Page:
Euthanasia backers cite fear of burdening others

By July 27, 2012 Recent News

ONE News 27 July 2012
Healthy pro-euthanasia pensioners would rather cut their lives short than be a financial drain on society, a study shows.
Auckland University researchers interviewed 11 healthy men and women aged between 69 and 89 on why they supported voluntary euthanasia.
Reasons included not wanting to be a burden on their families and healthcare resources and fears of losing their independence and dignity…
One woman, who looked after her dying mother more than 50 years ago, said: “I was the last one to get married so she lived with me . . .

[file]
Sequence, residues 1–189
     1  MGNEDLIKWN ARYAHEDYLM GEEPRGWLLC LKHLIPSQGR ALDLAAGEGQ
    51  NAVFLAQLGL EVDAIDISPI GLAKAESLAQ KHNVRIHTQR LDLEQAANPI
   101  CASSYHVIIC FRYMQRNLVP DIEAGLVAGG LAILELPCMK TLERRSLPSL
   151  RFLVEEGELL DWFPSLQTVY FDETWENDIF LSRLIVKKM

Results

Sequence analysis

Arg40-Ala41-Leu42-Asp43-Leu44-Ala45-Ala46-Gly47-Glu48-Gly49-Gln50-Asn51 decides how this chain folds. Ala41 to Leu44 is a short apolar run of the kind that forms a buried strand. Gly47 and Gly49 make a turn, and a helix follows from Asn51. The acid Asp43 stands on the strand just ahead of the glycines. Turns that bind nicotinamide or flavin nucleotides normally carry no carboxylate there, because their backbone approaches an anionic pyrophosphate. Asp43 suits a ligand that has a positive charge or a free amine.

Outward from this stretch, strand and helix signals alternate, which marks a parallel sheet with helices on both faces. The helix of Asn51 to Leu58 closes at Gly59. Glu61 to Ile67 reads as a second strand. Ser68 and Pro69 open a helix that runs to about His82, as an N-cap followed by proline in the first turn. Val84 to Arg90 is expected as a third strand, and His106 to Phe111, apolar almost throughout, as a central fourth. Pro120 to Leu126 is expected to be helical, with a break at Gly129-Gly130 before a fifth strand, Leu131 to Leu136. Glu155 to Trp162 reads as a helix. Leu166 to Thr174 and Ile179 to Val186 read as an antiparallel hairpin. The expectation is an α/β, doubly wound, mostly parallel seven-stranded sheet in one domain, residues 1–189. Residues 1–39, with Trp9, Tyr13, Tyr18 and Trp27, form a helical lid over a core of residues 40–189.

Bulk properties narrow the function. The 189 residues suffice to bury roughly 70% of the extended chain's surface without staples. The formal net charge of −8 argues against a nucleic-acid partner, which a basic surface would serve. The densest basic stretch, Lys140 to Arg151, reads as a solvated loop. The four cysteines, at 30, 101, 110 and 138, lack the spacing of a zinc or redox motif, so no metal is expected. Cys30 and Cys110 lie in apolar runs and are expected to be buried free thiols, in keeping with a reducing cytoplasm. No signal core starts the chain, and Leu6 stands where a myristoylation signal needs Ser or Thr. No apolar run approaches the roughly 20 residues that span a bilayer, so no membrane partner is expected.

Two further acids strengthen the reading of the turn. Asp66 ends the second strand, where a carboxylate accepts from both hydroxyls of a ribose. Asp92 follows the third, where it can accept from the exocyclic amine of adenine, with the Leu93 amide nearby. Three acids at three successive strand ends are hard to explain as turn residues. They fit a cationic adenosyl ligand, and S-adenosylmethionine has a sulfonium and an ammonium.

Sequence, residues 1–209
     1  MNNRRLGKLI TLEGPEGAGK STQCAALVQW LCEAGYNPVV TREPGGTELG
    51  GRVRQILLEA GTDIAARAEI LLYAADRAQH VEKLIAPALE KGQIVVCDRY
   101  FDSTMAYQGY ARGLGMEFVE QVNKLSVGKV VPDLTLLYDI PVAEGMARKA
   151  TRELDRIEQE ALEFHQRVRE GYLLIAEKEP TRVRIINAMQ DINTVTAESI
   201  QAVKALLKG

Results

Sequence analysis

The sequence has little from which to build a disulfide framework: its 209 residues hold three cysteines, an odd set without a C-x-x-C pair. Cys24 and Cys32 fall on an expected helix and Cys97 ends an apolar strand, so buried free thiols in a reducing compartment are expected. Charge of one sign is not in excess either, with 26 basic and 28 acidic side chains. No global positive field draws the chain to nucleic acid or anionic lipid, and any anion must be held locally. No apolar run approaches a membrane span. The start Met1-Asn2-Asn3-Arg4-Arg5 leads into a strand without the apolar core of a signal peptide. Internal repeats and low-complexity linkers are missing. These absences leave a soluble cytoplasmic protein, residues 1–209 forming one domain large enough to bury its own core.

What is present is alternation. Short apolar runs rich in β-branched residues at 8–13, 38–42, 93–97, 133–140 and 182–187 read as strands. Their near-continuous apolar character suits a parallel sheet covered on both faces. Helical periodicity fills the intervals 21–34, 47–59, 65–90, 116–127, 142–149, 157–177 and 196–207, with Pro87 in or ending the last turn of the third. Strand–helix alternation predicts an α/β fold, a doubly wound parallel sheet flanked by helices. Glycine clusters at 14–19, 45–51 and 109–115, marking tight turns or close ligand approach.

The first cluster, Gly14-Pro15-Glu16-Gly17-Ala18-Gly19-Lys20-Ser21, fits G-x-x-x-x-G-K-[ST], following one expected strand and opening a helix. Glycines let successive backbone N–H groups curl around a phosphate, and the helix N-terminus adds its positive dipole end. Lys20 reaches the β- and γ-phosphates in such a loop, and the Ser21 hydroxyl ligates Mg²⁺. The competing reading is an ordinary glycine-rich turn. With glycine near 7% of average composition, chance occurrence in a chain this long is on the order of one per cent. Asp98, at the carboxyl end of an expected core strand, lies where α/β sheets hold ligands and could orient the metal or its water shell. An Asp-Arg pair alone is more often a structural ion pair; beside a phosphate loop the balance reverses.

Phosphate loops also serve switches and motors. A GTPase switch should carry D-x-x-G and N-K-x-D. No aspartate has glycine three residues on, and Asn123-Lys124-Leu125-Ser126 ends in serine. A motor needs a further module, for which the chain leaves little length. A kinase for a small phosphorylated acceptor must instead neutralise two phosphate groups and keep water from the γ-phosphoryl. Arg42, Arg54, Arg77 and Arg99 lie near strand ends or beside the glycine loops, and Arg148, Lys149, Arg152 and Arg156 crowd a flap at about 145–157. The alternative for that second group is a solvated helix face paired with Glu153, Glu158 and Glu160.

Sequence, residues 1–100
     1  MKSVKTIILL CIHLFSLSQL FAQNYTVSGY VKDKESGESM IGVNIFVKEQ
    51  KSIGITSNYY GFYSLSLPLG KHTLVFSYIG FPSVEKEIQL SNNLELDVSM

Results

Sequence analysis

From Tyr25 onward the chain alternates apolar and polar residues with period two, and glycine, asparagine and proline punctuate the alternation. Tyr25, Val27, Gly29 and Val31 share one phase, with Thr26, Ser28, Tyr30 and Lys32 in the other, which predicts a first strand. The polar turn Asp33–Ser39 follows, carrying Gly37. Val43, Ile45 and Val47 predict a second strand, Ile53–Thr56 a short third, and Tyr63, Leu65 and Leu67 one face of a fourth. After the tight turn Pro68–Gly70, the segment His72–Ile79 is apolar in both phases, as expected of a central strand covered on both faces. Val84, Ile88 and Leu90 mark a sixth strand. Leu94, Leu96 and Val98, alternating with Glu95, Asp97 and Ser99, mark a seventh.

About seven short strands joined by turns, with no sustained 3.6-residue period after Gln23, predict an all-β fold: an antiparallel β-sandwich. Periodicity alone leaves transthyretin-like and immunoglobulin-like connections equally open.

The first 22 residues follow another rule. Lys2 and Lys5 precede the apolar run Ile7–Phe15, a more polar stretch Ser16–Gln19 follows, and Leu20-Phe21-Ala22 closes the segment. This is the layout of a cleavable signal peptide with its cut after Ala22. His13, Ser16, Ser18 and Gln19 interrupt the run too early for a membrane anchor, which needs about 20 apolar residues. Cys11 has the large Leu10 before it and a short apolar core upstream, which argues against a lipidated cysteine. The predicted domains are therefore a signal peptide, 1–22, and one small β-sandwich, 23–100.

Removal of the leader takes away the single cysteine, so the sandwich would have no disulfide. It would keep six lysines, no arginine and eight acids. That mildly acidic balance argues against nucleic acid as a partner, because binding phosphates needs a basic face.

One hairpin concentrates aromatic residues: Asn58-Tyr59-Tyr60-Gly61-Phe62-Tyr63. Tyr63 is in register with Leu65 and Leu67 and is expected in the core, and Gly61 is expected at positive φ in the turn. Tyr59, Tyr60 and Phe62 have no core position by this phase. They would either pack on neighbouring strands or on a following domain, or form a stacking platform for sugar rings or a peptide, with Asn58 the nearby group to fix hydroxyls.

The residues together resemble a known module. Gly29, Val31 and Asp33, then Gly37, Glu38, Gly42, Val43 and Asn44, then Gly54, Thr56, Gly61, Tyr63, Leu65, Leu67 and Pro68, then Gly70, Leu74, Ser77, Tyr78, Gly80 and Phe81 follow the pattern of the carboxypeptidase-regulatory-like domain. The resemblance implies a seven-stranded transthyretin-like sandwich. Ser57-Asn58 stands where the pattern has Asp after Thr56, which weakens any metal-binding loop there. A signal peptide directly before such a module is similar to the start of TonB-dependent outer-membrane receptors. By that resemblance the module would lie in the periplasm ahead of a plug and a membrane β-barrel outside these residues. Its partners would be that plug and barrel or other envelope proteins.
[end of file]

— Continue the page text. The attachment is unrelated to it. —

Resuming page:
“I just feel that I don’t want to be a burden on my children. And when I get old, I don’t want them to have to look after me; it’s too hard for them . . .” …
Anti-euthanasia group Family Life International said passing a law to legalise voluntary euthanasia would open a “gigantic Pandora’s box” for the sick and disabled. “Euthanasia preys on the vulnerable members of society who feel obliged to die rather than impact on the lives of others,” spokesman Brendan Roberts said.
All participants of the study were European and members of the Voluntary Euthanasia Society, which supports legal medical assistance in dying.
Six had no religious affiliation and the others identified as atheist, Baptist, Quaker or agnostic Christian. The study, ‘I wouldn’t want to become a nuisance under any circumstance’, is published in the New Zealand Medical Journal today.